Ten days ago, that country’s voters firmly rejected the establishment candidates for president. Now the choice is between a pro-EU former economy minister named Emmanuel Macron and far-right candidate Marine Le Pen, who is running on a platform that calls for taking France out of the EU.
Ms. Le Pen is the daughter of Jean-Marie Le Pen, the infamous founder of the National Front party, who has repeatedly been convicted of anti-Semitic and racist crimes. She has spent much of the past 30 years trying to repackage the National Front in a way that would make it more palatable to mainstream French voters while remaining true to many of the party’s core ideals. In 2015, Ms. Le Pen went so far as to eject her own father from the party he had established because he refused to stop engaging in anti-Semitic provocations that were undermining her bid to become president of France.
But while she has rejected overt anti-Semitism, she has not shied away from statements that have alarmed Jews throughout the world.
In an interview with an Israeli journalist in February, Ms. Le Pen had the audacity to propose that the Jews of France submit to a ban on the kippah for the sake of winning the struggle against radical Islam.
“Honestly, the dangerous situation in which Jews in France live is such that those who walk with a kippah are in any case a minority because they are afraid,” Le Pen said. “But I mainly think the struggle against radical Islam should be a joint struggle and everyone should say, ‘There, we are sacrificing something.’”
Le Pen readily admitted that her real target is the hijab, the Muslim head covering that is a religious-nationalist symbol and that has been a source of major contention in France for years. When she first suggested the ban back in 2012, she declared that “Jewish skullcaps are obviously not a problem in our country.” But, nevertheless, she argued that France has to “ban them in the name of equality.”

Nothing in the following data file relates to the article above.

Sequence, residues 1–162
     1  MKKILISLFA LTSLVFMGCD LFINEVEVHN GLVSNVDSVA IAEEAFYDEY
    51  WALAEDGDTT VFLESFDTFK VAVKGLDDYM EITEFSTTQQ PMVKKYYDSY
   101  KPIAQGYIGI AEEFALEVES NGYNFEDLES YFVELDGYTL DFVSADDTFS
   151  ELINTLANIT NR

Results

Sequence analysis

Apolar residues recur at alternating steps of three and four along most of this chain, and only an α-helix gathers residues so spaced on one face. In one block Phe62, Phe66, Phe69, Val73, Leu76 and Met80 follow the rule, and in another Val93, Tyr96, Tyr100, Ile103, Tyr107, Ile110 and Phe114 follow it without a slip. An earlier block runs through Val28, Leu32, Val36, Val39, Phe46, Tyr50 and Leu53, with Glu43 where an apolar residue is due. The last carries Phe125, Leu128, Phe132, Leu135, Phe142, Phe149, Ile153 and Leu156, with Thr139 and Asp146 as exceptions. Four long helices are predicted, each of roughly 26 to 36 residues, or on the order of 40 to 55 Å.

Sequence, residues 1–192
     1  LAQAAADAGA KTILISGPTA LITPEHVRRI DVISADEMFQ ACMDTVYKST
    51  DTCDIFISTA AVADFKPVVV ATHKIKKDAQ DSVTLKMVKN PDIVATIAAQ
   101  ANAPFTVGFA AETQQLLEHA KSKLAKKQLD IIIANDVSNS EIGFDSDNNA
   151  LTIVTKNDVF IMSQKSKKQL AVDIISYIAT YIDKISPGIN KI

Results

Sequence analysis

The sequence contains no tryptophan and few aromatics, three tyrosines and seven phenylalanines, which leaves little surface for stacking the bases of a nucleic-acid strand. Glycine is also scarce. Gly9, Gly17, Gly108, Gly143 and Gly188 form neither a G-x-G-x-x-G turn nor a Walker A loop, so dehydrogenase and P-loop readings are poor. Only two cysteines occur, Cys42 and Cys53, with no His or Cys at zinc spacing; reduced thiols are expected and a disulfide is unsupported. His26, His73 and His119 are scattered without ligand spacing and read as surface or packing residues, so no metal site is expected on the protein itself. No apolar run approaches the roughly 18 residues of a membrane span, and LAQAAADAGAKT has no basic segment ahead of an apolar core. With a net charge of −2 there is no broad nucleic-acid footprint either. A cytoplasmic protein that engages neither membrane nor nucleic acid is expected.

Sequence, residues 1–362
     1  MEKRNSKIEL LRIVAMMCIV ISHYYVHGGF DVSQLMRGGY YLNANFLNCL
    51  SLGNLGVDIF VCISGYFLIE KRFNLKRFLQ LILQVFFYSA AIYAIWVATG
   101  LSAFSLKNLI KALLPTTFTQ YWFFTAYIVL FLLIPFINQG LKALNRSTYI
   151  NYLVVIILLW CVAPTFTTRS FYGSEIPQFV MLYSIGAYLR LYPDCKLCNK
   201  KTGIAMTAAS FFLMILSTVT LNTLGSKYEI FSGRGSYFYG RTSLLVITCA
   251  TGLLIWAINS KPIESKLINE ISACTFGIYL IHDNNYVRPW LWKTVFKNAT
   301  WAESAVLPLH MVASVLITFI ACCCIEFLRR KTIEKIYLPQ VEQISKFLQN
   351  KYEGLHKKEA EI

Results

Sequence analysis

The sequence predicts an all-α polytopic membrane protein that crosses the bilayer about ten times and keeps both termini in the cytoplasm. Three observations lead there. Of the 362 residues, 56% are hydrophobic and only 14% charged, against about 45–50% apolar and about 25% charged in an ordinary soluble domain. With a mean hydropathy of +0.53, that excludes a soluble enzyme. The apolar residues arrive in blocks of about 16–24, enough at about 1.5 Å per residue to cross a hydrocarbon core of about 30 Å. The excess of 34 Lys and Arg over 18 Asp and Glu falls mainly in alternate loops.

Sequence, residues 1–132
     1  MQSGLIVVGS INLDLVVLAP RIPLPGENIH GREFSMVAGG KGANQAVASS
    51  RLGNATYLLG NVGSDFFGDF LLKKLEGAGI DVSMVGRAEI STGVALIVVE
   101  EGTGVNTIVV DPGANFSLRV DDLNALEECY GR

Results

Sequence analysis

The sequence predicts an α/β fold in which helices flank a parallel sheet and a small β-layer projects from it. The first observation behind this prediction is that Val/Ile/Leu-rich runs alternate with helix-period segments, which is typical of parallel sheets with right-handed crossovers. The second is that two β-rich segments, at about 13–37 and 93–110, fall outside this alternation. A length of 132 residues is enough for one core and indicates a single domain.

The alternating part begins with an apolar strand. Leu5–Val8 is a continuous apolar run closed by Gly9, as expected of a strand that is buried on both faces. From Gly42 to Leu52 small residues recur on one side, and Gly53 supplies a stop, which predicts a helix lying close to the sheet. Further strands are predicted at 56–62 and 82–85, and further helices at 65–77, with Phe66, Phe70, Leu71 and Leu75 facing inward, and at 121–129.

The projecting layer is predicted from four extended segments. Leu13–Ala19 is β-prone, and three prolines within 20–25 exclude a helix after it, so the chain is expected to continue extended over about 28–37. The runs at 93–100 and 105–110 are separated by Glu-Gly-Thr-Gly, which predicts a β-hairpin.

“What would people say if I had only asked to ban Muslim clothing? They would burn me as a Muslim hater,” she has said.
There are more Jews currently residing in France than in any other European country, and the notion that a presidential candidate who openly calls for a public ban on yarmulkes has made it to a runoff is extremely worrisome.
The candidate has also sought bans on public prayer and access to kosher and halal food in public schools.
Ms. Le Pen’s stance reminds us once again that any restrictions on the religious liberties of one group are a threat to all religious groups. The fundamental importance of fighting Islamic terror should never be underestimated, but restricting basic religious rights should never be part of the equation. Regardless of whom they are intended to target, such restrictions do not fight terrorism. All they do is take away some of the most fundamental rights of a free society, thereby handing terrorists and bigots of all types a huge victory.
In addition to tapping into the growing anti-Islam backlash in France, in an age when style counts far more than substance, Ms. Le Pen has proven to be extremely media-savvy. A day after she upstaged her opponent, a political novice, at a home appliance factory threatened with closure, she was up before dawn to join workers on a fishing trawler on the Mediterranean, as she seeks to portray herself as the candidate of workers.
While some have sought to downplay the chances of a Le Pen victory, as we have repeatedly seen over the past year, neither pollsters nor pundits can predict with any certainty what will transpire at the ballot box.
Jews living outside France must carefully evaluate how productive global opposition to the Le Pen candidacy actually would be. It is possible that such efforts would do little to sway French voters, and may even be used by her supporters as proof of “foreign interference” and used as political fodder for her campaign.
What is certainly an appropriate hishtadlus is to increase our tefillos for the safety and wellbeing of our French brethren at this time, and to let them know that they are in our hearts and thoughts at this critical juncture.